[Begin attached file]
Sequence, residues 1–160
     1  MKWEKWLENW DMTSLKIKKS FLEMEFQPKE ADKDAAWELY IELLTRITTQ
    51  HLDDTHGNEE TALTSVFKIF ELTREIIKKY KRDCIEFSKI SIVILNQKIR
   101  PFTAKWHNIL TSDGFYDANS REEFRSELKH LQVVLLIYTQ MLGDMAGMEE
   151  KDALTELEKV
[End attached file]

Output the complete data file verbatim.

Sequence, residues 1–160
     1  MKWEKWLENW DMTSLKIKKS FLEMEFQPKE ADKDAAWELY IELLTRITTQ
    51  HLDDTHGNEE TALTSVFKIF ELTREIIKKY KRDCIEFSKI SIVILNQKIR
   101  PFTAKWHNIL TSDGFYDANS REEFRSELKH LQVVLLIYTQ MLGDMAGMEE
   151  KDALTELEKV